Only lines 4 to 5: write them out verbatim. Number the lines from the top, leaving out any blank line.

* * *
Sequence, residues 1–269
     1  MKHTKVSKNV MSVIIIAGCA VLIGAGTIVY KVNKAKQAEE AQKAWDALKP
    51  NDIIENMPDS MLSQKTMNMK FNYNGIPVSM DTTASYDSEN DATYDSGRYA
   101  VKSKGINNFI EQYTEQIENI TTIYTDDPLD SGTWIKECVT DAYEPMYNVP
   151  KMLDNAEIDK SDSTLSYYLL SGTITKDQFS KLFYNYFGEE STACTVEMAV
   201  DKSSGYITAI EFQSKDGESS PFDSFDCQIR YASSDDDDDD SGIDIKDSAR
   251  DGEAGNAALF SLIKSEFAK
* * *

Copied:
   101  VKSKGINNFI EQYTEQIENI TTIYTDDPLD SGTWIKECVT DAYEPMYNVP
   151  KMLDNAEIDK SDSTLSYYLL SGTITKDQFS KLFYNYFGEE STACTVEMAV